Table (1):
A comparison between the Fasciolosis infection rates of local and imported sheep over the course of the 3 years of inspection.

local sheep
Infected local
Rate of
infection (%)
imported sheep
imported sheep
Rate of
infection (%)

**. Correlation is significant at the 0.01 level (2-tailed).

Relation Between Infection Rate and Season
During the 3-year span of the study, a correlation was found between the season in which the local and imported sheep were slaughtered and the prevalence of fascioliasis, as shown in Fig. 1a, b for 2017-2018, Fig. 2a, b for 2018-2019, and Fig. 3a, b for 2019-2020.

Fig. 1a. Seasonal recordings of the infection rate in the local cattle for the year July 2017 – July 2018.

Fig. 1b. Seasonal recordings of the infection rate in the imported cattle for the year July 2017 – July 2018.

Fig. 2a. Seasonal recordings of the infection rate in the local cattle for the year August 2018 – August 2019.

Fig. 2b. Seasonal recordings of the infection rate in the imported cattle for the year August 2018 – August 2019.

Fig. 3a. Seasonal recordings of the infection rate in the local cattle for the year September 2019 – December 2020.

Fig. 3b. Seasonal recordings of the infection rate in the imported cattle for the year September 2019 – December 2020.

Relation Between Infection Rate and Season for July 2017 to July 2018
For the year 2017-2018, the highest rate of infection in local sheep was observed in the spring (1.25%), and the lowest rate of infection was observed in the winter (0.29%). Similarly, the imported sheep had the highest rate of infection in the spring (2.95%) and the lowest in the winter (1.26%). The imported sheep had a higher rate of infection than the local breed in all seasons, and the difference in the infection rates of local and imported sheep was with high significant values. In 2017, fall and summer had significant differences in infection rates between the groups.

Relation Between Infection Rate and Season for August 2018 to August 2019
For the local sheep in 2018-2019, the highest rate of infection was observed in the summer of 2018 (0.28%), and the lowest rate of infection was observed in the winter (0.02%). A similar trend was observed in the imported sheep, which had the highest rate of infection in the summer (1.04%) and the lowest in the winter and spring (0.50 and 0.50%, respectively). In comparisons between local and imported sheep, the imported animals always had the highest rate of infection in all seasons except summer. For both types of sheep, there was an obvious elevation in infection rates as the weather got warmer in the spring and summer. A comparison of all years showed a significant difference in the infection rates of local and imported sheep for the year 2018-2019.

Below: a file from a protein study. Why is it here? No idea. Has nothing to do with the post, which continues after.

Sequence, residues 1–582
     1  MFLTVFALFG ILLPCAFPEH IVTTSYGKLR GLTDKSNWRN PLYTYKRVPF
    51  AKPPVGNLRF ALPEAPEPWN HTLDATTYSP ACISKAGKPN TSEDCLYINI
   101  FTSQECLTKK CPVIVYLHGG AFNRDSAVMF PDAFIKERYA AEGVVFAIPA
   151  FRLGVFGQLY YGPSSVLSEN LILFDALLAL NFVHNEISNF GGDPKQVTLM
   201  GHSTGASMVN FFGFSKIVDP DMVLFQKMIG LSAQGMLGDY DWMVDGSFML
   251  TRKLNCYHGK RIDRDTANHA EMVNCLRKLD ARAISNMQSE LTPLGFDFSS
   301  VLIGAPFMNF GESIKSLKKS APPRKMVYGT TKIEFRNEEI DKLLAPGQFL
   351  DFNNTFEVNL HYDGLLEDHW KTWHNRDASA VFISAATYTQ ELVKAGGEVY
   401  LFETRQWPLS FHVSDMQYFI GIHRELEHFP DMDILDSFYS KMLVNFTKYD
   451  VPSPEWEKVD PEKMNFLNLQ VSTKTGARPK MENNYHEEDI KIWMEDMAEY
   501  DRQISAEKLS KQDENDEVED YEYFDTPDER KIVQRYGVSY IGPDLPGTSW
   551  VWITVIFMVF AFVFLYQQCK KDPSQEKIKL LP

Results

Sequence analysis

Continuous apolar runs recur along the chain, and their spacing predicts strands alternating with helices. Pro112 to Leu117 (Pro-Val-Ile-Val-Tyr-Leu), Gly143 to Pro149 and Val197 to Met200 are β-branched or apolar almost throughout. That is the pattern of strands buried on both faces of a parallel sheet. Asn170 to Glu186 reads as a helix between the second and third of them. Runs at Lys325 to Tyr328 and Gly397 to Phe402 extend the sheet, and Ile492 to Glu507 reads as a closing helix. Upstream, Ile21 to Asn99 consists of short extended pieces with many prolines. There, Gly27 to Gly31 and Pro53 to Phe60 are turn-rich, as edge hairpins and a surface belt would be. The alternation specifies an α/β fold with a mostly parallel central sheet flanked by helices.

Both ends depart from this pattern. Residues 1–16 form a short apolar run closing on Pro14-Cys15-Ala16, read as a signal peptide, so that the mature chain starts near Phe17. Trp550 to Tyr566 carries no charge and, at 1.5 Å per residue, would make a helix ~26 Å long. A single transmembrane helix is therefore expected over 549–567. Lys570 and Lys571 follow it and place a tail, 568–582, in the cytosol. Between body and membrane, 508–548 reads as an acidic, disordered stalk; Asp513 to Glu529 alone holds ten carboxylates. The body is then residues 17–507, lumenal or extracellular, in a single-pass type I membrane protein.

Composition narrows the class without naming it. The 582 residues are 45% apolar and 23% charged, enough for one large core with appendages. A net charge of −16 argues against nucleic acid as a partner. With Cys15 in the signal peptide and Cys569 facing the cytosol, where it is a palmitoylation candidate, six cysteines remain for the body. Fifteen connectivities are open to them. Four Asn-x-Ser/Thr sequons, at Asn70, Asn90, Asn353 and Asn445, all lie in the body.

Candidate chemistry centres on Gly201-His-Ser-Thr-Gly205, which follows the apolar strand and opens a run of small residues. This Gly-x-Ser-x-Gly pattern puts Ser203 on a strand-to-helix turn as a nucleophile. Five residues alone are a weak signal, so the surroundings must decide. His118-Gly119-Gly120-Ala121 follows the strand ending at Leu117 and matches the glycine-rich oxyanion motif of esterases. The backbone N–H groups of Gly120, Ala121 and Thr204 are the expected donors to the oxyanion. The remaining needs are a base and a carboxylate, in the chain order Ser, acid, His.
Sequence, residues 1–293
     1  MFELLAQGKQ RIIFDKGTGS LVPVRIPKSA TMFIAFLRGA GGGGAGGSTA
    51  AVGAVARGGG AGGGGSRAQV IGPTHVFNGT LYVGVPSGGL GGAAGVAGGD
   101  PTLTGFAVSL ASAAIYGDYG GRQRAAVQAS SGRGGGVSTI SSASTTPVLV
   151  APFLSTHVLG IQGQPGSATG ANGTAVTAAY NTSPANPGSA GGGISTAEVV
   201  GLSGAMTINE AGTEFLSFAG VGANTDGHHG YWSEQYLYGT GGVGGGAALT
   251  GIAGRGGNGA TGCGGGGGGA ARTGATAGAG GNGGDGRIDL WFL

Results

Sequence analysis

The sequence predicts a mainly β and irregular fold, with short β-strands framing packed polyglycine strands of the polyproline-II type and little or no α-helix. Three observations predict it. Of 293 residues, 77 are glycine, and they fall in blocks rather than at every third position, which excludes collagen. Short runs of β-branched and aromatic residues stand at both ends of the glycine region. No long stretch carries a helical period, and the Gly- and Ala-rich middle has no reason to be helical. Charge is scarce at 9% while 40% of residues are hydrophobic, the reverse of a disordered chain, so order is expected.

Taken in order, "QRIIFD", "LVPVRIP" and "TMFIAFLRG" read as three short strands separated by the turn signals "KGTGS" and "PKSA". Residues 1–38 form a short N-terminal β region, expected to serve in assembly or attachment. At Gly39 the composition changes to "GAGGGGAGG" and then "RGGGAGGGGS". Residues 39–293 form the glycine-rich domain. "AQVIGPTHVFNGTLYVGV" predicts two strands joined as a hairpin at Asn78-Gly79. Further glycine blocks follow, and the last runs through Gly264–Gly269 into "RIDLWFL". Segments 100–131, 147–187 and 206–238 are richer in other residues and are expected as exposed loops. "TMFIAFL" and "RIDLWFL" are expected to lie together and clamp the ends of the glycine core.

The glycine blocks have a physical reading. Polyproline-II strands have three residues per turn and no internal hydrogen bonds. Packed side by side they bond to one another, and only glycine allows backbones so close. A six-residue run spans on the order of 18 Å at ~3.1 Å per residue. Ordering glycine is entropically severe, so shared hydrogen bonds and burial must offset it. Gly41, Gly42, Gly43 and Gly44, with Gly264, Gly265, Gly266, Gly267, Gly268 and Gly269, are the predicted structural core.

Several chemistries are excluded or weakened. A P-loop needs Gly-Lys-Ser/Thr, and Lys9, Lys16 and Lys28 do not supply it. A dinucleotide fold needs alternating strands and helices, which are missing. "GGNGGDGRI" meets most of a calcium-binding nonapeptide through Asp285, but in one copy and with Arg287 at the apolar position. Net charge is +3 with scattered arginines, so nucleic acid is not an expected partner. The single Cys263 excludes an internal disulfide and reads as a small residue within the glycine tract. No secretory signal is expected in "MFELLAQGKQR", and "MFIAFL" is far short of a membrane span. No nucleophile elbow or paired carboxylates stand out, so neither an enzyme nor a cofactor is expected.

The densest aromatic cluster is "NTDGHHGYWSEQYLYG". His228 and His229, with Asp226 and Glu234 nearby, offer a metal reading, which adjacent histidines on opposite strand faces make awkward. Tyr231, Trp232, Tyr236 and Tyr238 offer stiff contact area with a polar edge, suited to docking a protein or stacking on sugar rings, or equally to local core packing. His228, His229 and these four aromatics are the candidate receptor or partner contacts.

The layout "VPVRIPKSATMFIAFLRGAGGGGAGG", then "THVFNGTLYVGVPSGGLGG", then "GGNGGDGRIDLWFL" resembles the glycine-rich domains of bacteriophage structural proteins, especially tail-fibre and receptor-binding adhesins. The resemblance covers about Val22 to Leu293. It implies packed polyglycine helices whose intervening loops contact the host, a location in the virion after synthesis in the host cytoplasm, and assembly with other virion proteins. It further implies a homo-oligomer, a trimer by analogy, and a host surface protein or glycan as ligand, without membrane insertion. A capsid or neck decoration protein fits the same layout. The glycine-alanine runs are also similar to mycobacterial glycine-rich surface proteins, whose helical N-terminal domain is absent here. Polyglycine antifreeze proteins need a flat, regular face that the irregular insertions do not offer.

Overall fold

Relation Between Infection Rate and Season for September 2019 to December 2020
For the local sheep in 2019-2020, the highest rate of infection was observed in the summer of 2020 (0.72%), and the lowest was observed in the spring of 2020 (0.12%). The imported sheep showed a similar trend, with the highest rate of infection occurring in the summer (1.94%) and the lowest in the winters of 2019 and 2020 (0.90% and 0.90%, respectively). However, in comparisons of all seasons between local and imported sheep, the highest rate of infection occurred in imported sheep in all seasons. For both types of sheep, there was an obvious elevation in infection rates as the weather got warmer in the spring and summer.


Fasciola is a ubiquitous parasite worldwide, with animal infection reaching up to 90% prevalence in some areas.22 Magzoub and Kasim23 were the first to publish the prevalence of animal fascioliasis in Saudi Arabia. They found that imported slaughtered cattle have higher infected in the Eastern, Northern, and Western regions. Further, imported sheep had similar results in previous studies in different cities include Riyadh and Taif, but the infection rate in local sheep was much lower than in imported sheep.24- 25 These results are agreed with our results.

A correlation between infection rate and season has been observed in previous studies in various countries.26-28